Last week I wrote a blog post that discussed how to keep your (working relationship with) your web marketer happy and healthy. There was a lot more ground that I wanted to cover, but that would have required about 30,000 words and nearly as many cups of coffee. Since then, I’ve gotten a little more caffeine in my blood stream, so I’ve decided to come back to beat this topic into the ground just a little bit more, by going back to the very beginning.
How do you get off on the right foot with a web developer from day one? Here are a few things to keep in mind when you’re working with a website developer–whether you haven’t yet found the designer you want, or you’re already in the first days of putting your site together.
Developing a successful website is challenging. The site part is simple, but the ‘successful’ bit is where it gets tricky.
Business owners and the web developers they work with have to be in lockstep in order to have any chance of thriving in the incredibly competitive online marketplace. Quite often, what should be a successful production process falls short because one side of the relationship or the other becomes an anchor, dragging both parties down. This usually happens because of too little involvement in the process, or too much. It’s easy to get distracted and to allow your web-based efforts to go fallow, or to become so invested in trying to make the site perfect that you can’t bear to ever let the thing go public–the latter is especially common with web developers who are really graphic artists at heart, as well detail-oriented business owners.
Developing a website isn’t art–it’s a functional arm of your business. It’s gotta get done.
Don’t go cheap when it comes to your business’s website. A $500 site is about as reliable as a $500 car.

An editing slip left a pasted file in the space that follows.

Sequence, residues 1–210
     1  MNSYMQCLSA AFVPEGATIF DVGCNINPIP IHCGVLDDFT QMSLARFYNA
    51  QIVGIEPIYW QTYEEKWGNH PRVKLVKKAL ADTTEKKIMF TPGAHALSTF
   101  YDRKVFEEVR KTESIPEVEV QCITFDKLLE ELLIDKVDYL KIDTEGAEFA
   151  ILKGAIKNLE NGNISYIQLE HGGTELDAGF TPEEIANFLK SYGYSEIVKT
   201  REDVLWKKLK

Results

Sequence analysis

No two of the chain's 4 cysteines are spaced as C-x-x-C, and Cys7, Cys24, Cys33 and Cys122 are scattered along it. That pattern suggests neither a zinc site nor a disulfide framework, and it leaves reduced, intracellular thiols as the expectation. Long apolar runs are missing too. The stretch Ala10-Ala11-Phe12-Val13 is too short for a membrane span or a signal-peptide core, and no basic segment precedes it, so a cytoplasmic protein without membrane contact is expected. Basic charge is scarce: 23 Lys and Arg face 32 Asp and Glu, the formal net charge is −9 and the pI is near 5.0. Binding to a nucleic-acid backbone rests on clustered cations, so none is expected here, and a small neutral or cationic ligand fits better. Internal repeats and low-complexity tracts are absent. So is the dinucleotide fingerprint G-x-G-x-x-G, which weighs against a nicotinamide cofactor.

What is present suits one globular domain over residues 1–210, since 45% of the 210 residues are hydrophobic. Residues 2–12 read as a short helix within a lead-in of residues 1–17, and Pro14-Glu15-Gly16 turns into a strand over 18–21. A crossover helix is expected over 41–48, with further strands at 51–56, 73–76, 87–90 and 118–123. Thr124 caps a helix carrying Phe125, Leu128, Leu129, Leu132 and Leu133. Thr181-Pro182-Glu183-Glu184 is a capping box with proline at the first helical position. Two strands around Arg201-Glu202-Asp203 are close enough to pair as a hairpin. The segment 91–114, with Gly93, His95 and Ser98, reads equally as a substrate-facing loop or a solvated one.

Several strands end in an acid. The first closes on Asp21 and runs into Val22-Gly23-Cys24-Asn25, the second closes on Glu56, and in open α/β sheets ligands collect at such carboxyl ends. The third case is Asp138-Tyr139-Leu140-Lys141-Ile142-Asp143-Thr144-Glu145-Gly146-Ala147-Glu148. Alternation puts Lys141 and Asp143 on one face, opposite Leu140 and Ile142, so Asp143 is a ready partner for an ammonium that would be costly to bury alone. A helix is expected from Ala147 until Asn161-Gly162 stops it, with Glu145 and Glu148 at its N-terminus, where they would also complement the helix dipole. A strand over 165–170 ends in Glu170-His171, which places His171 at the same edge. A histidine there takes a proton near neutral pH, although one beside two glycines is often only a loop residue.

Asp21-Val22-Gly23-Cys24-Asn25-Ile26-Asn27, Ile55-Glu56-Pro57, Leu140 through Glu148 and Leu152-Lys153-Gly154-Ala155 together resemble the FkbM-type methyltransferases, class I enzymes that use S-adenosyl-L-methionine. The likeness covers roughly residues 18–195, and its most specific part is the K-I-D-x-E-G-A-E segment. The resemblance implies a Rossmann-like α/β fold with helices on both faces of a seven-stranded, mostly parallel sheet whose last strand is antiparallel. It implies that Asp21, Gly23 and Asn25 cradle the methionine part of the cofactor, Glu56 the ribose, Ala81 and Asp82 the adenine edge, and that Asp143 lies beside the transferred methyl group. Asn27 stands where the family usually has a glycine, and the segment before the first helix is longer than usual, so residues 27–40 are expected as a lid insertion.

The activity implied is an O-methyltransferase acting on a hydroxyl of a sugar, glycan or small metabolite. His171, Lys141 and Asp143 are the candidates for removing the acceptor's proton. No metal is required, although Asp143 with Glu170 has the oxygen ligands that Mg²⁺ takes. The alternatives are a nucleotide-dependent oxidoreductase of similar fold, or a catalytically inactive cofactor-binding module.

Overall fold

There are two species of cheap web developers, one that resides in the real world, and the other in the dark, poorly spelled corners of the Internet. The real world version is that guy. Everybody knows that web-savvy guy. Come on, you know the guy. Your brother’s coworker’s sister has that friend with the nephew that is awesome with computers, and who can totally build you a site for five dollars and a pack of gum.
Then there’s the Craigslist and Fiverr crowd. Hop on Craigslist, type in “web design,” and come back to this post in an hour when you’ve dug yourself out of the mountain of listings advertising “cheap, affordable, professional web design.” Yes, I strung the words “cheap” and “affordable” right after each other. That wasn’t a mistake. If they happen to have their own website, there’s a 95% chance of the front page featuring (1) a picture of them, (2) a picture of an attractive woman, possibly wearing a headset, or (3) the word “AFFORDABLE” (or possibly “CHEAP”) IN LARGE LETTERS. Bonus points if they have all three. Mega bonus points if the photo of the developer features them standing with their arms crossed and giving you a cocky look–that one is our all-time favorite.
There’s such a large population of these two species of low-ballers out there that it’s cultivated a public mindset that websites should cost next to nothing, and that for an extra 99 dollars, you can get the add-on SEO package that targets 100 keywords and will get you on the front page of hundreds of search engines. Hundreds. Guaranteed.